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Final Fantasy 7 Remake Doubles Down On Its Radical Politics

Final Fantasy 7 is a political game. The definition of a political game is fairly broad these days, ranging from games that make political statements to games that feature politicians in central roles, to games that don’t feature an all cis-white-straight male cast. “Stop making gaming political!” has become such an empty, bad faith talking point – basically, if a certain group of people (4chan losers, mostly) decide they don’t like a game, it’s political. If they do like it, it’s not. That’s what makes Final Fantasy 7 so interesting. It’s universally beloved, but back in 1997 – way before most games had narratives layered enough for staunch political commentary – Final Fantasy 7’s story was built around environmental activism, the impending threat of climate change, and the ways in which capitalist corporations will align with fascism in order to protect their bottom line. When Final Fantasy 7 Remake launched last year, it played with the original story and zoomed in on the individual arcs, but it kept these core themes – which, in 2020, were even more resonant than they were two decades ago. With 2021’s Intergrade Episode Intermission DLC, FF7R is doubling down on that.

In Final Fantasy 7 (both the original and the remake), you play as an eco-terrorist. At least, that’s what Shinra, the antagonists of the game, bill you as. On a logical level, it’s hard to argue with them. You blow up a reactor to prove a point. Yeah, you don’t target innocent civilians, but you fight (and presumably kill, given you have swords and guns) several hundred Shinra staff. And you plant a bomb – terrorism 101 stuff.

Of course, there is more to it than that. The bomb is not designed as a threat nor to cause chaos – it is very specifically designed to blow up an environmentally disastrous reactor and take no civilian casualties. All of the heroes have some personal investment in the cause too. While Cloud is just a merc, he quickly becomes part of the team and has a lot of history with Shinra. Plus, in retaliation to the bomb, Shinra decides to drop a whole city on another city, like the world’s worst episode of Pimp My Ride. When the rotting pizza falls, all bets are off. While there are still pointed questions to ask about their stakes, motivations, and methods, Final Fantasy 7’s framing is clear – you might be eco-terrorists, but you’re playing as the good guys.

That’s something the game doesn’t get enough credit for. I’m not the first person to point out that Final Fantasy 7 has political themes, nor am I the first to highlight the obtuse ways in which the “No political games!” crowd overlooks its messages to go “Wow, cool sword!” Still, we don’t talk enough about how it’s political, and the stances it takes beyond environmentalism. On the simplest level – well, one level up from “Cool sword, my dude” – it’s a game about the environment. Recycle, turn down the thermostat, and don’t pillage the planet’s natural resources for profit and pollution. But the ways in which Avalanche (the organisation Cloud and co. belong to) get things done is a crucial part of the story. This is not a tale where they learn their actions are wrong. This is a tale where the world learns their actions are right.

Much like using the climate crisis as a central narrative theme, this framing is more relevant in 2020 than it was in 1997. Radical groups have always existed, and have been at the forefront of several advancements in the 20th Century, from the works of the Black Panthers, Malcolm X, and Martin Luther King in Black civil rights movements to the Stonewall protests for LGBT+ justice. Radicalism is nothing new, but in the online age we have seen a groundswell of grassroots political action, with zoomers and young millennials being heavily engaged in social justice. Black Lives Matter and Extinction Rebellion – the latter being very close to Avalanche in its motivation – are the two most potent examples.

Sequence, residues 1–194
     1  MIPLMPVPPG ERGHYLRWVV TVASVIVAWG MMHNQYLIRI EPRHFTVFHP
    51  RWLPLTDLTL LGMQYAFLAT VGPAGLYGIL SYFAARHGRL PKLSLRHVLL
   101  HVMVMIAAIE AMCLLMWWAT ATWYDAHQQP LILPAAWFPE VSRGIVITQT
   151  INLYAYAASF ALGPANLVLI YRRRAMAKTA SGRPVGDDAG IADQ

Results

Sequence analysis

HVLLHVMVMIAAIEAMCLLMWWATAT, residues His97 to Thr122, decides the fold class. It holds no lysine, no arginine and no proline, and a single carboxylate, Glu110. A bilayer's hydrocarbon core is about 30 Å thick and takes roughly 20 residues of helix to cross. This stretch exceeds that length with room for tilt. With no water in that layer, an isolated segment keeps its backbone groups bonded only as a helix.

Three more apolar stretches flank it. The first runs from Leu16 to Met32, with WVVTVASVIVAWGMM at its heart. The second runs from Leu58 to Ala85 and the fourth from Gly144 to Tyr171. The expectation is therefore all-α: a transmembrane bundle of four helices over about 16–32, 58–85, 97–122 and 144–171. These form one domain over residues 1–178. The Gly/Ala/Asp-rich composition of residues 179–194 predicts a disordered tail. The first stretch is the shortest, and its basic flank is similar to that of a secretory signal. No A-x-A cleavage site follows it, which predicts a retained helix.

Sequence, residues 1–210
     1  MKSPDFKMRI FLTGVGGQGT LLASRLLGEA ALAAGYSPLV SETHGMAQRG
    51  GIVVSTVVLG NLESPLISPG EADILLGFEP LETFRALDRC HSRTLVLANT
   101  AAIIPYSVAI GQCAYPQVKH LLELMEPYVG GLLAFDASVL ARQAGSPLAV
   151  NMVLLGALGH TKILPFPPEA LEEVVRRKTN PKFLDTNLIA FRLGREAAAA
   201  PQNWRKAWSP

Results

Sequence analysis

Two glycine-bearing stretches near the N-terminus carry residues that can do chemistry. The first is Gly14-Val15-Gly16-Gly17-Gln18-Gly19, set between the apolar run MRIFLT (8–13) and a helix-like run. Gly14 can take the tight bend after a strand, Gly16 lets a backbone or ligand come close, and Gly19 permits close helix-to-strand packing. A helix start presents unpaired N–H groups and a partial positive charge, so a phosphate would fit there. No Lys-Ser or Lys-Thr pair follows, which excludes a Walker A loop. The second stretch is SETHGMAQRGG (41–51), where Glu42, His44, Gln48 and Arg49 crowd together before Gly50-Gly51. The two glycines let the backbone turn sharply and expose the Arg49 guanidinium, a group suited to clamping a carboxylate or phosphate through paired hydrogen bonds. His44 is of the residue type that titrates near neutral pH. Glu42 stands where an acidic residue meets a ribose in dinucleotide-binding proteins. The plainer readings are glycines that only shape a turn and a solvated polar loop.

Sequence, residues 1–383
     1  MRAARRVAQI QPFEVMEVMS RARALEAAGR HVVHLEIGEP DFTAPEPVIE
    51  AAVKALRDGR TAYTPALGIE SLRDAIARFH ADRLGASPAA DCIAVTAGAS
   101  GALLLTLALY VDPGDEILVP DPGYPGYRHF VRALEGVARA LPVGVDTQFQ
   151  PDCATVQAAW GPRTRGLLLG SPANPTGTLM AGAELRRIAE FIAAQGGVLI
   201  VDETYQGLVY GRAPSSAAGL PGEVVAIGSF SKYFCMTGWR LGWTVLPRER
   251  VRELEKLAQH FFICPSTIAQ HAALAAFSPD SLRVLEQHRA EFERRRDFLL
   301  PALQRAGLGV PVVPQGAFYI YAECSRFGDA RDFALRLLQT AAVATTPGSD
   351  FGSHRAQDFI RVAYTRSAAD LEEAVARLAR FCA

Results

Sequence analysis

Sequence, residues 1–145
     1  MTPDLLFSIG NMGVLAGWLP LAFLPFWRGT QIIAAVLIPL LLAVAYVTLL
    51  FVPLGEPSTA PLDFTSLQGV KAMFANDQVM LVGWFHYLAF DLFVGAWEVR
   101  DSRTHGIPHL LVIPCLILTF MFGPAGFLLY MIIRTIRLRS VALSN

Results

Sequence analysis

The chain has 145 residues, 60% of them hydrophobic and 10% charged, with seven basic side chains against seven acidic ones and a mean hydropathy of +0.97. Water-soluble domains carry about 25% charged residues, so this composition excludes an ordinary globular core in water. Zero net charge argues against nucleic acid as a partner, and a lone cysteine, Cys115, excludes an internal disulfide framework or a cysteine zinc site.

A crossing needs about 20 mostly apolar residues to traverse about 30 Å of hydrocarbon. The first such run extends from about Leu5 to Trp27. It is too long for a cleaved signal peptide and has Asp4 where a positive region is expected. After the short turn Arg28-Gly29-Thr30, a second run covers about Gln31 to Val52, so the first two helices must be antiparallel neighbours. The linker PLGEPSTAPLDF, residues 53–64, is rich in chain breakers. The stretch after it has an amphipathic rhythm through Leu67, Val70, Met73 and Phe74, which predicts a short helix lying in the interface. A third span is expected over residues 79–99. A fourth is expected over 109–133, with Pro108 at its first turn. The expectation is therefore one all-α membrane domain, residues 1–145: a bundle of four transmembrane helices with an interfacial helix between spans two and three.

Final Fantasy 7 Remake puts these causes on the screen. Not literally – neither BLM nor XR use bombs or terrorist-adjacent methods – but spiritually. Final Fantasy 7 Remake tells you to fight for what you believe in. To fight for what’s right. Too often, media pigeonholes the good guys in, where they must not only be just, but be just in the right way. The good guys get defanged – their behaviour constantly under a microscope, where they must always continue to be perfect or lose their status as good guys. No anger is allowed, no retribution, no violence – they’re the heroes, and just like going down on Catwoman, heroes don’t do that.

Final Fantasy 7 disagrees. On the violence part, at least. The heroes blame themselves for the actions of Shinra, but the game makes it very clear they have no choice. In Intergrade’s Episode Intermission, we play as Yuffie, who teams up with the more moderate version of Avalanche, but throughout her journey, she realises Barret and Tifa are the ones she should really be working with – because moderates get nothing done. Yuffie needs to go on the front foot to take on Shinra, and that means being a radical. That means being like the splinter cell – it means being a hero who isn’t always heroic.

Final Fantasy 7’s politics have always been important, but Remake brings their importance into clearer focus. It’s much more than what the game stands for – it’s how it stands for it. Final Fantasy 7 will not wait its turn, it will not have its tone policed, and it will not ask nicely. It courses with radical identity, and in having Yuffie realise where her story must take her, the game underlines its commitment to these politics firmly.

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